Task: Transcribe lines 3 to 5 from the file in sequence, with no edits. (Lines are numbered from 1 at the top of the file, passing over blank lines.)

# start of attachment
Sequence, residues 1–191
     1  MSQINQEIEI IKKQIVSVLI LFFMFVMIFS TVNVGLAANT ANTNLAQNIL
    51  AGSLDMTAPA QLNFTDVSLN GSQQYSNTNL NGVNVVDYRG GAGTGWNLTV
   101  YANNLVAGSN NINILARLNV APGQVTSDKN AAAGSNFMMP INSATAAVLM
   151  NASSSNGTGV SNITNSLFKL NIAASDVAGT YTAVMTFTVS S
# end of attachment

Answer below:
    51  AGSLDMTAPA QLNFTDVSLN GSQQYSNTNL NGVNVVDYRG GAGTGWNLTV
   101  YANNLVAGSN NINILARLNV APGQVTSDKN AAAGSNFMMP INSATAAVLM
   151  NASSSNGTGV SNITNSLFKL NIAASDVAGT YTAVMTFTVS S